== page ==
On Tuesday, May 16, NewseumED curriculum developers will be at Palo Alto High School in Palo Alto, Calif., to pilot their newest media literacy class, “Fighting Fake News.” The class was launched at the Newseum in March in response to the 2016 presidential election, during which false news stories were widely shared on social media and are said to have influenced public opinion.
As concern over fake news rises, NewseumED believes the ability to identify misinformation is an increasingly important skill that needs to be in every student’s media literacy tool kit. With more than 400,000 students visiting the museum each year and 26,000 of them taking a class, NewseumED staff noticed many students struggle to understand basic concepts of media ethics, information sources and bias. At the same time, teachers worldwide began requesting resources and information on how they could best address the “fake news” issue in their classrooms.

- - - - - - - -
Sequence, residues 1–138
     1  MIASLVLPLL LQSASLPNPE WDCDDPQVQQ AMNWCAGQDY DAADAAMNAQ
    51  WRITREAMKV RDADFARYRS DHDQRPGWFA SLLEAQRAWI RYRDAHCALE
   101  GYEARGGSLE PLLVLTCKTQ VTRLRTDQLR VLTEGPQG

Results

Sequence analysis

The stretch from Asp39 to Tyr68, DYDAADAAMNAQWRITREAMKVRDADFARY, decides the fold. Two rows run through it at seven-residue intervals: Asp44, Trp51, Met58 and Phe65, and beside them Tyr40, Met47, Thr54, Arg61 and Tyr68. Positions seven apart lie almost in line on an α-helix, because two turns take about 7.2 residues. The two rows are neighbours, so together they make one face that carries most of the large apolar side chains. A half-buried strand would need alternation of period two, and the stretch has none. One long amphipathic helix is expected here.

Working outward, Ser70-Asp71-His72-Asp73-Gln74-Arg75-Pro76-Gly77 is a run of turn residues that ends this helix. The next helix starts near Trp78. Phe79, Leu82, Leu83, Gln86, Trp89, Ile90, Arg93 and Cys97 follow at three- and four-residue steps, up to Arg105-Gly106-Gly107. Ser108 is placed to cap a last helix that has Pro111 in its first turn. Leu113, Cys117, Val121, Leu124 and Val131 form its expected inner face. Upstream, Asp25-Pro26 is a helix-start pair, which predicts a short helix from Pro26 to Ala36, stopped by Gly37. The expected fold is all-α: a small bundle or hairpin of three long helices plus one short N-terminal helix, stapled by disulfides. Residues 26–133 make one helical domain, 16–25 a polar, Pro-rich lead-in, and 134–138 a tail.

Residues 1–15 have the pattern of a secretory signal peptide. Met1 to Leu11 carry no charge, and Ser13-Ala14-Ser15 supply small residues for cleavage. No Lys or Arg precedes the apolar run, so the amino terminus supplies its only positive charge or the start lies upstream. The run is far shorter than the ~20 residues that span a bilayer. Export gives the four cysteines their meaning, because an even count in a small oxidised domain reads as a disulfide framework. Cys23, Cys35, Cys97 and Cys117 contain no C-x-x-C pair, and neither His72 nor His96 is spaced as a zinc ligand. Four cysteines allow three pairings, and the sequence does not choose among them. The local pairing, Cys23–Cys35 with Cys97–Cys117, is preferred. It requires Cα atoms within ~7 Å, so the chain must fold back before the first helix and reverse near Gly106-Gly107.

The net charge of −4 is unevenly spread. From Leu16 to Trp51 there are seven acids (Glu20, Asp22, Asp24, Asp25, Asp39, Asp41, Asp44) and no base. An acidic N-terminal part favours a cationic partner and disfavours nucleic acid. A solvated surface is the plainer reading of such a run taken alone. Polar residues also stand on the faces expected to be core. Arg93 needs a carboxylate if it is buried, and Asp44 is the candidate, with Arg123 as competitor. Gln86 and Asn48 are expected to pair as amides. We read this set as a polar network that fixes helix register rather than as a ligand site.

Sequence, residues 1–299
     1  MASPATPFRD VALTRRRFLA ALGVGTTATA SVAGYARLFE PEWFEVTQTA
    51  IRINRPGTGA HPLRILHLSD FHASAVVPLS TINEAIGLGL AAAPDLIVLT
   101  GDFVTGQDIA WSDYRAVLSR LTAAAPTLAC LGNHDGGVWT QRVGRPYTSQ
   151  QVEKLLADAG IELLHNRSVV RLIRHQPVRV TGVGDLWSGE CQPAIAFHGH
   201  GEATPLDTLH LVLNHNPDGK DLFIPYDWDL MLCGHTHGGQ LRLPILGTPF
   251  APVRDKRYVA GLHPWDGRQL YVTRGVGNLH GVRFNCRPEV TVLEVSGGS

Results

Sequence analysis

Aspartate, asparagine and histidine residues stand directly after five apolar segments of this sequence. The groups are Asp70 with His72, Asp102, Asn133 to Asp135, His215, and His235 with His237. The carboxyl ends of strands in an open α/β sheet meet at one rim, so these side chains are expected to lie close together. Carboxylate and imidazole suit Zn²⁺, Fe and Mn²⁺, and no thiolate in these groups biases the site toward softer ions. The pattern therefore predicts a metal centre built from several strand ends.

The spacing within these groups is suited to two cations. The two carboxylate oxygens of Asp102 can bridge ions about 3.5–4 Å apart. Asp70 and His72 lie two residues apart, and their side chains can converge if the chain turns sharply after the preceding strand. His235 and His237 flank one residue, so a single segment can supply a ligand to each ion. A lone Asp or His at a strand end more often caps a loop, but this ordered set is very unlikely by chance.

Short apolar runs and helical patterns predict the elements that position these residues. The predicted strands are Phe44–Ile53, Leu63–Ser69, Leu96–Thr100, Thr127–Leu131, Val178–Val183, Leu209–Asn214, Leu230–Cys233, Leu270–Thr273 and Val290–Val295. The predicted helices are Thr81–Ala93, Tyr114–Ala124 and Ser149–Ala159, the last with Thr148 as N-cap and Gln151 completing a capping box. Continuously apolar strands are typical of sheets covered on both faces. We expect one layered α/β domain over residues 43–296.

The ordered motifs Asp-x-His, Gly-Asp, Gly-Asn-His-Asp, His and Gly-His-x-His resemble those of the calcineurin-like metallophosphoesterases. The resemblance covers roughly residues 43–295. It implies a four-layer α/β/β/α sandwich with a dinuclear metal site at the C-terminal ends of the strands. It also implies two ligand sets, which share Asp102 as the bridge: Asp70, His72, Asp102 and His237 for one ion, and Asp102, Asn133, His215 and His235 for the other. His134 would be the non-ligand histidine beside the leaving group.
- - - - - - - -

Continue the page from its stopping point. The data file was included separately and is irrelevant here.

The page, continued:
“Social media has changed the way my students consume and interpret news and information,” says Esther Wojcicki, the Palo Alto High School teacher who invited NewseumED to her classroom. “Being an effective news consumer in the 21st century requires a robust understanding of how news is created, disseminated and consumed.”
In NewseumED’s “Fighting Fake News” class, students dive into the complexity of digital citizenship, including their active role in the flow of information. They examine case studies that bring to life the challenges of today’s media landscape and leave the class with easy-to-implement strategies for being savvy news consumers. Students also explore what “fake news” means, why they should care about it, and how to consider possible motivations behind news stories.
The classes at Palo Alto High School will take place from 8:15 a.m. to 9:45 a.m., and from 12:15 p.m. to 1:45 p.m. PT on Tuesday, May 16.